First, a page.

Leonid Kruglyak

Hertz Fellow: Leonid Kruglyak
School

University of California, Berkeley

Area of Study

Physics

Fellowship Years

1987 - 1990

Leonid Kruglyak, PhD, is professor of human genetics and biological chemistry at the David Geffen School of Medicine at UCLA. Dr. Kruglyak received his AB degree in physics from Princeton University, and as a Hertz Fellow, his MS and PhD degrees, also in physics, from the University of California at Berkeley. After postdoctoral fellowships at the Institute for Advanced Study in Princeton and at Oxford University, he joined the Whitehead Institute/MIT Center for Genome Research as a research scientist. Subsequently, he held a faculty position in the Human Biology Division at the Fred Hutchinson Cancer Research Center in Seattle, where he was also an investigator of the Howard Hughes Medical Institute and an affiliate professor of Genome Sciences at the University of Washington. In 2005, Dr. Kruglyak returned to Princeton University as a professor in the Department of Ecology and Evolutionary Biology and the Lewis-Sigler Institute for Integrative Genomics. In 2010, he was named the inaugural William R. Harman ’63 and Mary-Love Harman Professor in Genomics. He also founded and chaired the Graduate Program in Quantitative and Computational Biology at Princeton. In 2013, Dr. Kruglyak moved to the David Geffen School of Medicine at UCLA, where he holds appointments in the Departments of Human Genetics and Biological Chemistry and continues to serve as an investigator of the Howard Hughes Medical Institute. Dr. Kruglyak serves on the the board of reviewing editors at Science Magazine, the editorial board of PLoS Genetics, the advisory board of bioRxiv, and the scientific advisory council for Cold Spring Harbor Laboratories.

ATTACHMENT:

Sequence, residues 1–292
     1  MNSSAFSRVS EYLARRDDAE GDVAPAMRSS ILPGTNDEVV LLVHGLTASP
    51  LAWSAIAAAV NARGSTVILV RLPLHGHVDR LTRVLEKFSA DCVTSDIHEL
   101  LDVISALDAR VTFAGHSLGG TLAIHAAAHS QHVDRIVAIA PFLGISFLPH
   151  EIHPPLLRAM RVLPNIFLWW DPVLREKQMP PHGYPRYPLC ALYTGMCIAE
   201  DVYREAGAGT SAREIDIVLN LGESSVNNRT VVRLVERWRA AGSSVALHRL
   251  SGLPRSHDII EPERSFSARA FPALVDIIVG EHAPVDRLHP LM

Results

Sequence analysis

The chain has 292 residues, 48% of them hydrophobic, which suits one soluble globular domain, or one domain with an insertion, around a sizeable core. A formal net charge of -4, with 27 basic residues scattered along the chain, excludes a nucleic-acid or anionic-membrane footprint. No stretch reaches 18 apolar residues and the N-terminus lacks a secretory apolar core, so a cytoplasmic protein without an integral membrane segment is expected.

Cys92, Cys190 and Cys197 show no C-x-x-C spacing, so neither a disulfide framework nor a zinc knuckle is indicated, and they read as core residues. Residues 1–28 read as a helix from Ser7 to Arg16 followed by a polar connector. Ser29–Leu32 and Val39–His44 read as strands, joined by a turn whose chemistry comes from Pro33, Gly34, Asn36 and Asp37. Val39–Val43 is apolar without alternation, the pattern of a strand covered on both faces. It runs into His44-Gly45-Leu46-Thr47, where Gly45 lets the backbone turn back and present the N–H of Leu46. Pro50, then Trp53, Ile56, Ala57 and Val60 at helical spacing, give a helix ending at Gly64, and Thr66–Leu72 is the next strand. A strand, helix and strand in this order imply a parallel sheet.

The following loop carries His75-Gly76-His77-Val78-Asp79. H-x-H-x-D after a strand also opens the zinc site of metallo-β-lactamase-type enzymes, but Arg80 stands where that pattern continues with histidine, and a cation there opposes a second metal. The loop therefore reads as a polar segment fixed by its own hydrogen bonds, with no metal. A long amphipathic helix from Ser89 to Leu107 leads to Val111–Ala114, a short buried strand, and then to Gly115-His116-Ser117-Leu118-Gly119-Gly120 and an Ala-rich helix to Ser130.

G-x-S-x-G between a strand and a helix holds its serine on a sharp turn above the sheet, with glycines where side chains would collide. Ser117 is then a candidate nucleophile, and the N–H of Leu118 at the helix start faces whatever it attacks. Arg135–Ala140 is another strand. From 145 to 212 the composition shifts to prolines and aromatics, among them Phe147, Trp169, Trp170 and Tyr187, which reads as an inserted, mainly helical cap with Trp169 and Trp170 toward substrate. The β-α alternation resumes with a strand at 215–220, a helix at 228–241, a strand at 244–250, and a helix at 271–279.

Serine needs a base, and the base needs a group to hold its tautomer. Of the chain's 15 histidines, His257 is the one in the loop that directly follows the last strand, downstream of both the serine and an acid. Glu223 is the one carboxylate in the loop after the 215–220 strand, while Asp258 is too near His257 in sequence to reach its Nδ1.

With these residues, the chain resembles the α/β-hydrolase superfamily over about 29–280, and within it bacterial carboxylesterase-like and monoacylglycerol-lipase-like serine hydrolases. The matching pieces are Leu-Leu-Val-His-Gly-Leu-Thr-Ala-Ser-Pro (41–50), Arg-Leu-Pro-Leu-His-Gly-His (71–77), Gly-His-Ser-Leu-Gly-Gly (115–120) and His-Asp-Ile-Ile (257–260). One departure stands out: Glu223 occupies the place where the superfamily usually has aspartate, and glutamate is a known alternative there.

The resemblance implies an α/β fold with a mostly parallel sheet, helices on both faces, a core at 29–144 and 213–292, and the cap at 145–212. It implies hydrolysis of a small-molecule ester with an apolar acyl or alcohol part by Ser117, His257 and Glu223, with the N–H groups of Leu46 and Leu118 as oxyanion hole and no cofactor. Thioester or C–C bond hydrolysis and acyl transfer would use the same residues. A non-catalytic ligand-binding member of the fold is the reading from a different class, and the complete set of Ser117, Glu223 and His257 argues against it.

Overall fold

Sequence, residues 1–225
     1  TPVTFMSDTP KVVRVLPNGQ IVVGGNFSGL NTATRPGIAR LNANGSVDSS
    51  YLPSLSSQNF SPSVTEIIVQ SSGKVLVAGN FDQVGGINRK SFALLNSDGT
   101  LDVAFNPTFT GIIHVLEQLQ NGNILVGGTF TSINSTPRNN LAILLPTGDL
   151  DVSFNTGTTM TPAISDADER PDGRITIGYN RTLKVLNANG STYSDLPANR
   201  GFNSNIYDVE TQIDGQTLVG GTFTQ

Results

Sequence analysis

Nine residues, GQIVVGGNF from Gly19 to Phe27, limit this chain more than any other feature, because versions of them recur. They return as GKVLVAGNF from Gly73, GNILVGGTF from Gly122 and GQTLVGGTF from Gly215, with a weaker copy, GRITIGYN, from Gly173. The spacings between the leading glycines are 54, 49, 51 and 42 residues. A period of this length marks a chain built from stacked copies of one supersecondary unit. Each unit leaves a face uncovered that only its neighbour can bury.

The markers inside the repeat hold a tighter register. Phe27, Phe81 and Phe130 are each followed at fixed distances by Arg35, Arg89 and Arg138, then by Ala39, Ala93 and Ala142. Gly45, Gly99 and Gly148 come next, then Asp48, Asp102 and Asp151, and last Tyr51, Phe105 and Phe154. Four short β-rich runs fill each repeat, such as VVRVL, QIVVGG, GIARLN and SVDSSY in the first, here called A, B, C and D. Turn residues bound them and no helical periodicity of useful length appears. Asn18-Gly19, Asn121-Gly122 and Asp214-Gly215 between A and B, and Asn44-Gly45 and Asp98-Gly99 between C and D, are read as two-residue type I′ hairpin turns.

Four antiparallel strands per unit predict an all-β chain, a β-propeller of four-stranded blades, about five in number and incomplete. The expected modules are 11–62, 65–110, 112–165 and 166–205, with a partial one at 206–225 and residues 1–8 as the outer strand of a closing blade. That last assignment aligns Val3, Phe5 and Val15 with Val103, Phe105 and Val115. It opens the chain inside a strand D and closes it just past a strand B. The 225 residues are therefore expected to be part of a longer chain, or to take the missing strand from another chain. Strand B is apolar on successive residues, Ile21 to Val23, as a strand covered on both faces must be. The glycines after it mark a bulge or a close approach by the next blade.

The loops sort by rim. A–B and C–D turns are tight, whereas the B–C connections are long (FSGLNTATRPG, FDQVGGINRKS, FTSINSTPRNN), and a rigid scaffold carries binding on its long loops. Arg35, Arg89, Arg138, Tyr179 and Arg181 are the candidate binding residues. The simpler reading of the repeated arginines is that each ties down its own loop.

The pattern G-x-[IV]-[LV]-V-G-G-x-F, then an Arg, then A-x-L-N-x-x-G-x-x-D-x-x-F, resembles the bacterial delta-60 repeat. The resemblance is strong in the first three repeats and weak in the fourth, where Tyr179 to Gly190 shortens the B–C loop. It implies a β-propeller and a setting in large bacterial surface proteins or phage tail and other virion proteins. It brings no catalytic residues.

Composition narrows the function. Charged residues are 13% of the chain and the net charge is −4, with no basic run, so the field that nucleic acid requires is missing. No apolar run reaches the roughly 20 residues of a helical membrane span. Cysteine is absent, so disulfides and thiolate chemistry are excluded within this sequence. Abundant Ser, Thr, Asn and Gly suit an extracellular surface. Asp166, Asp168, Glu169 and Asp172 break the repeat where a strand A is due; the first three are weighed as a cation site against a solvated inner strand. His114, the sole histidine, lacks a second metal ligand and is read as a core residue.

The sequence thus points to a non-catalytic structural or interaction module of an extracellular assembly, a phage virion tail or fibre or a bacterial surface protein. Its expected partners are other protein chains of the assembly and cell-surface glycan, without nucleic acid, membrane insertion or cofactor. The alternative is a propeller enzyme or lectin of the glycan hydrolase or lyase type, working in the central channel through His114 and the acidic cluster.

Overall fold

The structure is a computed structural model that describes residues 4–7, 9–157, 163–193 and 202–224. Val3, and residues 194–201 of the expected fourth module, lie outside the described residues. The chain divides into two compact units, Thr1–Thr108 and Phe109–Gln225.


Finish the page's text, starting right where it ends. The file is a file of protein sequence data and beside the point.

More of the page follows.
Dr. Kruglyak is a recipient of many awards, including a James S. McDonnell Centennial Fellowship in Human Genetics, a Burroughs Wellcome Fund Innovation Award in Functional Genomics, and a MERIT award from the National Institutes of Health. In 2007 he was elected a fellow of the American Association for the Advancement of Science “for distinguished contributions to the study of variation in the human genome and for pioneering genetic studies of gene expression variation.” His research interests focus on understanding the genetic basis of complex phenotypes.

Thesis:

1990 - From Biological Reality to Simple Physical Models: Networks of Oscillating Neurons and the XY Model